Treasure Chest Thursday: Hair Wreath

woven from the hair of the women of the family, 19th century south central Illinois.

The Hair Wreath

One of my families, the Carrolls, had a very odd family heirloom for over a hundred years: A hair wreath. Apparently, it was some sort of tradition that the women of the family would weave their hair into a large wreath that was made up of other family members’ hair. This practice went on for about 4 generations, I believe, and it included the hair of my 3rd great grandmother, Sarah Jernigan Carroll, born in 1812, her children, grandchildren and a few of the next generation. This hair wreath was rarely if ever added to after the turn of the century in 1900.

When I visited the original Carroll home place in 1982 where some descendants still live, the wreath was very fragile and beginning to show signs of disintegration. We took several pictures of the oddity.

When passing through about 20 years later, one of the granddaughters of the previous inhabitant of the farm told me that the wreath had long since disintegrated. Attached is a picture of the strange, beautiful wreath made up of my ancestors’ hair.

Has anyone else heard of such a thing?

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About glamberson

I am an amateur genealogist and a professional technologist, having experience in both areas that goes back to the 1980s (at least). My genealogical interests really began in 1979 when my grandfather died. Computers & technology have been primary interests since the early 1980s. My first personal computer was an Apple IIe bought shortly after they first became available.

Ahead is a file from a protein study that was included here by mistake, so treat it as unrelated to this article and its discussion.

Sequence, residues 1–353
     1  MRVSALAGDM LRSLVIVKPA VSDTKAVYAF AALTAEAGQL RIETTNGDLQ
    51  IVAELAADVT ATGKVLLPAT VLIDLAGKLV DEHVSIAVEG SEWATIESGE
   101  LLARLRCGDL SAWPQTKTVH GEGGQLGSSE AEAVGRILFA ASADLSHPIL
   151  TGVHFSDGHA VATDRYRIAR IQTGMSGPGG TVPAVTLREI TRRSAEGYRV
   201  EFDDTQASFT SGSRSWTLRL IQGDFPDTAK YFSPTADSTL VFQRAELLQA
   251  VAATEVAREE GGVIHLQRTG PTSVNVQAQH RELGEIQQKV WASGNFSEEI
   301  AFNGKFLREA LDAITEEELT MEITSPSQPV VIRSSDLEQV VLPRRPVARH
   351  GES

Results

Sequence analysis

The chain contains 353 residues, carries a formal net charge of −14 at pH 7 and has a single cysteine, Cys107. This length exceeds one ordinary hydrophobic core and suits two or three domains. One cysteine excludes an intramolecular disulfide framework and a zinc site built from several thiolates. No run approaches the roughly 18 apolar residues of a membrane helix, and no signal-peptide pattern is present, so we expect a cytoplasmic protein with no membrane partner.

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4 Responses to Treasure Chest Thursday: Hair Wreath

  1. I work at a local museum in Cottage Grove, Oregon, and we have a hair wreath on exhibit. It looks very similar to your picture. Ours was said to be a “Friendship Wreath” made by a group of friends.

  2. Jo says:

    A little weird, but wonderful! Lucky that you were able to take a photo before it disintegrated.

  3. Nancy says:

    Our metroparks has an old 1880s working farm with the original farmhouse. I first learned about hair wreaths there when I saw one and didn’t know what it was. I was intrigued by it and yet didn’t really like it. As a weaver and spinner, I should have been thrilled, but it was just such an unusual thing to imagine human hair in a wreath, on the wall. I’ve grown to enjoy them, though there aren’t many around. Yours is a beautiful one. Thanks for sharing it.

  4. It’s great that you took a photo of the wreath before it disintigrated. I know I’ve seen them at museums in the past, and when I looked it up on the Internet found lots of info. It sounds as if hair wreaths peaked in popularity between 1850 and 1880. As a genealogist, all I can think of is what a source of DNA!

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